Move Over Martin Luther. My Reformation Will Come from the Pilates Reformer.
Six months ago, I made a public vow to get myself back in shape down to the cellular level. How am I doing? Honestly, I am not where I wanted to be. I did make some behavior changes. I started working out 4 days a week doing mostly power yoga with instruction from my favorite yoga gurus, Bryan Kest and Shiva Rhea. It has helped to increase my strength and flexibility, and the stress reducing benefits are unbelievable. I also tried Zumba which is a blast, but (honestly) is just too hard on my knees. If your knees are solid, it’s an amazing and fun cardio workout.
Knowing that I needed more cardio/strength training and some outside accountability that comes with having to show up for regular, pre-paid classes, I decided to try Pilates.
At the heart of Pilates is the infamous torture device known as “the reformer.” It’s similar to the Total Gym contraption that Chuck Norris and Christie Brinkley advertise on TV. I happen to have one of those, and it is a fabulous piece of exercise equipment, although it was damaged during a recent move. But the reformer, quite frankly is in a class of its own.
Pilates is a collection of structured exercises developed by Joseph Pilates in the early 1900’s to help achieve ideal health. The practice loosely incorporates moves from yoga, gymnastics and strength training using equipment developed and patented by Pilates himself. Some of the exercises are done on a matt. More advanced Pilates involves a chair and/or the infamous reformer.
Because it works to strengthen and elongate structural and supporting muscles, it eventually came into favor with the elite dance world. George Balanchine and Martha Graham worked with Joseph, adopting his Pilates method as a form of “cross training” that would complement their dance training. The techniques and teachings of Pilates were passed down from Joseph Pilates through his disciples also known as the “the Elders.” The Elders studied directly under him and when they reached his standards for excellence, were allowed to open their own teaching studios.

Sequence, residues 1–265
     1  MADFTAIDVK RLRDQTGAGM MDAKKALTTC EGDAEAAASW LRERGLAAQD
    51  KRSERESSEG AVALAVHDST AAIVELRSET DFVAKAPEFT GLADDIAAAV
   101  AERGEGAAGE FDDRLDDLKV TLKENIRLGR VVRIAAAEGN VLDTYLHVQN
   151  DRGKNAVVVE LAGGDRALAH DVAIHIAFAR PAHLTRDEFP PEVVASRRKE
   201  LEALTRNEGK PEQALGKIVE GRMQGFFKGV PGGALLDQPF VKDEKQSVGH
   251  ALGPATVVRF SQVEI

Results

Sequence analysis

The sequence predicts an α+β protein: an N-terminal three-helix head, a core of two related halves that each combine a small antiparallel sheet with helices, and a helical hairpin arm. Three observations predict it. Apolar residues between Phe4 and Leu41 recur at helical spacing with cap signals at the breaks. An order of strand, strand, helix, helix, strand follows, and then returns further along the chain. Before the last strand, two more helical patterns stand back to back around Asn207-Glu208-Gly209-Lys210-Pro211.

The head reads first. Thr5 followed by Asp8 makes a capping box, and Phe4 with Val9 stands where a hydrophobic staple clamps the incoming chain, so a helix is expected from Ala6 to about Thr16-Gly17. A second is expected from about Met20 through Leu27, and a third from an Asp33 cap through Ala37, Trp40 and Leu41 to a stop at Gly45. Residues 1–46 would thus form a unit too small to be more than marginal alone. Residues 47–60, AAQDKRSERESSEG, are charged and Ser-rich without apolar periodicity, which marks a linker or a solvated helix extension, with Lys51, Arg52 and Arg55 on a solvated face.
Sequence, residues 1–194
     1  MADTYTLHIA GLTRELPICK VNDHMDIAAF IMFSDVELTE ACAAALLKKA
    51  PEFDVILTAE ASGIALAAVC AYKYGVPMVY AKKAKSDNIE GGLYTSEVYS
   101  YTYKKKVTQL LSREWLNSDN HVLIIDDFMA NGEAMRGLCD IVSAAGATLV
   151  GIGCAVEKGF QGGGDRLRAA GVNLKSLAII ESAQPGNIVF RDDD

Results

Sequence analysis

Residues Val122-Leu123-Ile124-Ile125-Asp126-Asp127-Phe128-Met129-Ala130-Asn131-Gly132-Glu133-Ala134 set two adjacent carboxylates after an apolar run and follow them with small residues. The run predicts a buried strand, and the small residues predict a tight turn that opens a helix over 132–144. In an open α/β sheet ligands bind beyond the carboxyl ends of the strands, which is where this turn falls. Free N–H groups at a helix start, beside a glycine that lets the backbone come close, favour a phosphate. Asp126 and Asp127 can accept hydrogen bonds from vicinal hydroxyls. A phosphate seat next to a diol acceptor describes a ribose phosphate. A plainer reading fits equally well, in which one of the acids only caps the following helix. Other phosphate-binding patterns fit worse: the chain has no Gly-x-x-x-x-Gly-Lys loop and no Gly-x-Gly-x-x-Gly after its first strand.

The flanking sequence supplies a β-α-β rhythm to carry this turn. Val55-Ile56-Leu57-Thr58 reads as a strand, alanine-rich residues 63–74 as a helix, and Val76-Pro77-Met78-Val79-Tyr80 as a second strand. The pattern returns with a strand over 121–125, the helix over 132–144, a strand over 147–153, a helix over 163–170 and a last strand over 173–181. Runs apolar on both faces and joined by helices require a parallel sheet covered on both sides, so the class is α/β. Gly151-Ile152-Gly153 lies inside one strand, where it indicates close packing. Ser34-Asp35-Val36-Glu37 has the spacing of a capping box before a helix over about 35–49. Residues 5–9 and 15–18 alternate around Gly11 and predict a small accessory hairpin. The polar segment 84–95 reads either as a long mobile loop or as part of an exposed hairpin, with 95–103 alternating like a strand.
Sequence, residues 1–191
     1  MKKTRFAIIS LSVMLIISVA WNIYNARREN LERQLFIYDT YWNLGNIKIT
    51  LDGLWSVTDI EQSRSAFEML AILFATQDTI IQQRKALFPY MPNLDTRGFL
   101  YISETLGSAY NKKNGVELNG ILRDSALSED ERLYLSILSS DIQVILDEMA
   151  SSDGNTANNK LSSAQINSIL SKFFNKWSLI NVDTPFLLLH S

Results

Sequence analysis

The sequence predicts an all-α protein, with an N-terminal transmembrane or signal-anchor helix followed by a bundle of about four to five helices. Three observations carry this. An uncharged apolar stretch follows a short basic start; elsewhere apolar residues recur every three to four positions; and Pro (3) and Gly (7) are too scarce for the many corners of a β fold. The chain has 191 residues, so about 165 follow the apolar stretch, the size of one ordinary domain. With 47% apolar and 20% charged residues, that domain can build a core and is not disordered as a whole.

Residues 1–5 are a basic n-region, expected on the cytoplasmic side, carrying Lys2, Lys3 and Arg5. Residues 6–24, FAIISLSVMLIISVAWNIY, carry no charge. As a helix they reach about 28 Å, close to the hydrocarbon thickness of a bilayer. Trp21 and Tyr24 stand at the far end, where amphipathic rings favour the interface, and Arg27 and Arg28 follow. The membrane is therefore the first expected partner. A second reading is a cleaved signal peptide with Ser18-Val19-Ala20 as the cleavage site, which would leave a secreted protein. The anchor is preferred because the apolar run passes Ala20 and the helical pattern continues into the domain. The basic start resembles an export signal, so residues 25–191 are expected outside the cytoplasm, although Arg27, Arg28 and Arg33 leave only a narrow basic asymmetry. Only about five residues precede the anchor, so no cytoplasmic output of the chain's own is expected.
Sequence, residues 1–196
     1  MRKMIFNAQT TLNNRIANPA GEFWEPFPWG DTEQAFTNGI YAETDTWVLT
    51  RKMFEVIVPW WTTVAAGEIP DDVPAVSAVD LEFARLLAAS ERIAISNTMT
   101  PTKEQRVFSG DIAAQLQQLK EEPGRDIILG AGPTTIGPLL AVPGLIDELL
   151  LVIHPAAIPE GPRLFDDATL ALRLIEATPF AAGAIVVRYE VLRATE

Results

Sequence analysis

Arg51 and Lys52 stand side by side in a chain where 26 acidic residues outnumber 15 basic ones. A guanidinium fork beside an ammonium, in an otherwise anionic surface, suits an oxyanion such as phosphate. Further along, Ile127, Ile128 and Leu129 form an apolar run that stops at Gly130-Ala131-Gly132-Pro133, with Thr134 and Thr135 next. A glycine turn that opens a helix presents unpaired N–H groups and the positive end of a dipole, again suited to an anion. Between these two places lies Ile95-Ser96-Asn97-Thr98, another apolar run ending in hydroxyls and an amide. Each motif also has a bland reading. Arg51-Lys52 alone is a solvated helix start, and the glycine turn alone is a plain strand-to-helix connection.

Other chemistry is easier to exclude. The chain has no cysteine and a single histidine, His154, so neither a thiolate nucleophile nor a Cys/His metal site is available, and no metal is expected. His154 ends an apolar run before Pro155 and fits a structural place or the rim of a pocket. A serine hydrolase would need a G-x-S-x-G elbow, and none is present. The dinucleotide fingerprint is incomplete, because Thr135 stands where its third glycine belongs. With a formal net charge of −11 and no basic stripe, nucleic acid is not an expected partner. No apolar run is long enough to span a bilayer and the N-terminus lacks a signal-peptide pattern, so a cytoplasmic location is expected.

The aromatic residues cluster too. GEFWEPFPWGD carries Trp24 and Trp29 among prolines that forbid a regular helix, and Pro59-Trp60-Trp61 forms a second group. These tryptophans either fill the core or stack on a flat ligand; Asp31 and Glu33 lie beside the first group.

Like the legendary George Balanchine, who passed his choreography on through his inner circle of Balanchine dancers, the Elders are an aging and (sadly) quickly disappearing generation of Pilates instructors. If you are going to take up Pilates, some experts suggest that for the best results, you find a teacher who can trace their training back to one of the Elders.
When I entered my local Pilates studio to inquire about classes, I was told I had to take a series of three private lessons before I could join the group reformer classes. I quickly dropped “my past dance training” in hopes of bypassing that requirement. I am not much on patience or protocol when I really want to get going on something. And, I figured my dance training and muscle memory should count for something, even though it was 20+ years ago.
I persisted. The owner resisted. We reached a compromise. She would “assess me” after two of the three required sessions and decide whether I could jump in to regular classes. The first session kicked me in the booty. Clearly my muscle memory was suffering from Alzheimer’s. I slept for two hours when I got home. But for the rest of the day, I felt stronger and stood a little taller.
The next morning, I could hardly move. Advil is a suffering girl’s best friend. But, I went back for round two, with a second, even more intense instructor. I think they were given order to “break me.” The beating continued. I squeezed a little ball between my legs while bouncing for two minutes non-stop with my abs engaged. After four, two minute sets of bouncing squeezing madness, every sleeping muscle in my body was jolted back to life. My legs were shaking. I was feeling the burn and the endorphins were flowing abundantly. It was so incredibly awesome!
Conclusion… Any woman who has given birth or had an exam by a gynecologist is perfectly qualified for Pilates. There are a lot of funky positions. Compromising positions aside, it’s the best workout I ever had. The reformer will definitely reform me. I prepaid for 24 sessions, non-refundable. How’s that for incentive (and commitment)? I join my first group class Monday morning at 8:00 a.m. I am nervous about being able to keep up with the class, but can’t wait to be on a regular schedule. And I am going to go back for that third private eventually just because I want to be punished by yet another instructor. It was worth the money. The owner will be happy.
If you want to see what it’s all about, here’s a video that gives a great overview. These are mostly advanced moves so don’t get discouraged. I find it both crazy and inspiring and hope to be doing these moves very soon! (Yeah, right!)